Graham EarnshawのThe Great Walk of China*1の中で、著者のEarnshaw氏が湖北省石橋鋪*2で出会った養蜂家の記述が面白かったので、写しておく；
I came upon a flock of beehives, the brown wooden crates that in China constitute a honey farm. I'd seen them many times as I walked across Anhui Province, each with dozen of bustling hives about a metre in height and a temporary tent off to one's side where honey men live. I decided this was the time to find out about the honey trade, so I introduced myself to the beekeeper.
Mr. Wang Qiudong(Autumnal East) was from Juzhou*3 in Zheijiang Province, far to the east. He was forty-four years old and was taking care of eighty beehive. He said he moved the honey farm depending on the seasons, maybe four or five times a year. He'd been working with bees for twenty years and had been all over- Sichuan, Shangdong, Inner Mongolia-searching for good hunting grounds for his bees. The honey men are the gypsies of China, always on the move, always apart from the local culture; transients with a different agenda.
He reckoned each hive had four or five thousand bees, which meant he had something close to half a million bees under his care. The bees lived for about one month each and, in normal circumstances, travelled within a radious of about five kilometres in search of pollen. The queen bees (which have the same name in Chinese) lived for seven or eight years and were bred separately by the beekeeper.
The 'sweet gypsies' appeared to have a pretty consistent approach to life, as all the honey farm I'd seen were almost identical in terms of the hives and tents. The collapsible shelters are made from a dark-coloured waterproof tarpaulin containing a stove, a bed, a big tub full of honey, and lots of plastic bottles to hold the honey sold as retail. Mr. Wang offered me some royal jelly, but I turned it down in favour of some ordinary honey. The price was eight RMB for a jin*4; or about a third of a litre. I had a taste of the honey on a bread roll later that day and it was deliciously sweet, but very runny, and while I prefer a thicker consistency, it was easily the freshest honey I'd ever eaten.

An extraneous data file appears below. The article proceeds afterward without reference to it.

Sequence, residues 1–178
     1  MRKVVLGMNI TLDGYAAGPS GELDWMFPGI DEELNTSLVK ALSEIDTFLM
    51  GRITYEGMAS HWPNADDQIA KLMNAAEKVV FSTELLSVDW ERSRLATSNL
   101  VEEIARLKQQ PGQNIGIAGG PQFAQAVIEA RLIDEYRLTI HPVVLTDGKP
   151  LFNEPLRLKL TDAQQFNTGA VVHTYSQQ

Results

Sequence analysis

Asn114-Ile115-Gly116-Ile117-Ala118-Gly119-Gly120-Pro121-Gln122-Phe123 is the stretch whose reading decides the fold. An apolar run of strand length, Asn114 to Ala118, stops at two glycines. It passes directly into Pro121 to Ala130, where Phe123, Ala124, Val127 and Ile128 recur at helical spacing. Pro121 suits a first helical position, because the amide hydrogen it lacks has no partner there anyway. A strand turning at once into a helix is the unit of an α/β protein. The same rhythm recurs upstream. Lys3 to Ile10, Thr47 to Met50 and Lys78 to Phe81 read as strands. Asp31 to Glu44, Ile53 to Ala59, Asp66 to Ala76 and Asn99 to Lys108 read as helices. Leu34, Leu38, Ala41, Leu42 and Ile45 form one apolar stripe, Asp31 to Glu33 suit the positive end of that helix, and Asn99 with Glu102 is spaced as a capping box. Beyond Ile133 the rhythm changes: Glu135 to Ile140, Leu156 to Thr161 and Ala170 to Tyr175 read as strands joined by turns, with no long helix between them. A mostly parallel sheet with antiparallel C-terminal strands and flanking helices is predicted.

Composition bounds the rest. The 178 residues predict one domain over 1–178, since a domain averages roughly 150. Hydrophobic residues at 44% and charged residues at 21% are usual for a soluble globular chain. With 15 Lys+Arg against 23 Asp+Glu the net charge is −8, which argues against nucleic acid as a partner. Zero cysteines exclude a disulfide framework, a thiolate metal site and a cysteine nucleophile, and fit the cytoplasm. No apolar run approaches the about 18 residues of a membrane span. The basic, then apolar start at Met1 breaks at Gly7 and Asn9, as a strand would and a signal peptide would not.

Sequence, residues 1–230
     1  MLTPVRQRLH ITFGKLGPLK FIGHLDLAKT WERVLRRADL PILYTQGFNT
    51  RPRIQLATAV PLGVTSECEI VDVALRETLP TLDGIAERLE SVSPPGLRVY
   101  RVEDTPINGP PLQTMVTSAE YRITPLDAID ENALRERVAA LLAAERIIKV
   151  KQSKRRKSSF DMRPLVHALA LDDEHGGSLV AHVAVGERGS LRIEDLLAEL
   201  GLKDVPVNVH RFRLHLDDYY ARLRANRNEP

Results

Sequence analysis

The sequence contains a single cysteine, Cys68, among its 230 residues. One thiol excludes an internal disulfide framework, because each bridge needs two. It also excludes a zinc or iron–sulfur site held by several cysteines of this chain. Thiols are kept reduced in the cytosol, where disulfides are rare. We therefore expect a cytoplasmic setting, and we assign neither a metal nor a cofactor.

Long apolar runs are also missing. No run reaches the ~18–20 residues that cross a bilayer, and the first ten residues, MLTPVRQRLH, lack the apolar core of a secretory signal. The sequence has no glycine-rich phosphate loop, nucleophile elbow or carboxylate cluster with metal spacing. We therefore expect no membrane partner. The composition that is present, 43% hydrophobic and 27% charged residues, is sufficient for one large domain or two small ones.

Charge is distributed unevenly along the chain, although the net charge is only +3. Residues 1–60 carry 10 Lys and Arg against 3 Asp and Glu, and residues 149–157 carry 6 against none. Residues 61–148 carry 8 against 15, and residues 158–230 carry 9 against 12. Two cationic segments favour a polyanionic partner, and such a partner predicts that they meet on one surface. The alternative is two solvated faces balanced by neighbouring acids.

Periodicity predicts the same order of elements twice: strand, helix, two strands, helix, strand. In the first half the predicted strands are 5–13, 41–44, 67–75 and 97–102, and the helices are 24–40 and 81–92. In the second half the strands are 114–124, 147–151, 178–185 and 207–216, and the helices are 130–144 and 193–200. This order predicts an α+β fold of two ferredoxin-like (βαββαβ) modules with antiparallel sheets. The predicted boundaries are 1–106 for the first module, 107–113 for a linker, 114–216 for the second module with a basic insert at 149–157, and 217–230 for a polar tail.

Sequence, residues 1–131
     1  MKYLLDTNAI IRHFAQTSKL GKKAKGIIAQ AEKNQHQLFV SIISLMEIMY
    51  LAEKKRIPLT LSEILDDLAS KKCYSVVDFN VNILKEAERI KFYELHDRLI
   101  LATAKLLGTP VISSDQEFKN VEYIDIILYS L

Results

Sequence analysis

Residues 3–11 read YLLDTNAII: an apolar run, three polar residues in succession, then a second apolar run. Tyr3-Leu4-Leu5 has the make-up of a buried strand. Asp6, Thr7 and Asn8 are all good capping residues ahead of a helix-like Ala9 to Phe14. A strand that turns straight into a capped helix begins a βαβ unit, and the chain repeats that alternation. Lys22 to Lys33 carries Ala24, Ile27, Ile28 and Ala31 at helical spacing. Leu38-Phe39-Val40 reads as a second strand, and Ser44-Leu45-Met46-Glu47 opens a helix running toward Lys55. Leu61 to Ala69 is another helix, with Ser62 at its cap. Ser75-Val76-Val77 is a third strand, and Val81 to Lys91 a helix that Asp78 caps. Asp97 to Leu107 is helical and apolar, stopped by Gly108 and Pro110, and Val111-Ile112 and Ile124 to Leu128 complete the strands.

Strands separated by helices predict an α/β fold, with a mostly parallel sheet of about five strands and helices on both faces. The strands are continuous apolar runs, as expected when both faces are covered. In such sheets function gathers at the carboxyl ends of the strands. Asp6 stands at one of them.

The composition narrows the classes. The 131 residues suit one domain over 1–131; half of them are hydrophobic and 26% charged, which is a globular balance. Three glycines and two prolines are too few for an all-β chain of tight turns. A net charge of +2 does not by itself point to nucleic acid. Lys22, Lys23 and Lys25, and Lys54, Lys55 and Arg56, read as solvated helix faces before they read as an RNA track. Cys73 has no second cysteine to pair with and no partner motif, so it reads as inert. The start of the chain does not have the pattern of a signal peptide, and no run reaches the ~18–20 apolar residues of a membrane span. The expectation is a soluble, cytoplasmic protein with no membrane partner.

Mr. Wang said he made eighteen hundred RMB in a good month, much less in poor month. The difference depended on the weather as beekeepers are as dependent on the weather as taxi drivers are in Shanghai. Their customers mostly local residents, but they also sell in bulk to traders who collect and consolidate the honey and resell it on the international markets. He said he planed to give up the wandering honey life when he reached fifty and retire in his hometown of Juzhou.
Mr. Wang showed me the beehives, opening one up to reveal a series of wooden slats with the honey combs growing in the darkness. Somewhere in the middle was the queen bee, but I couldn't see her. Each hive had a small opening, a tiny door, and it was up to the bees to decide when to go out and for how long. No curfews in force here.
There are no known illness for the bees, Mr. Wang told me; there is no apicultural equivalent of foot and mouth disease or avian flu. The only problem they have is that occasionally a bee will ingest some pesticides along with the pollen, causing a few death in the hives. (pp.99-101)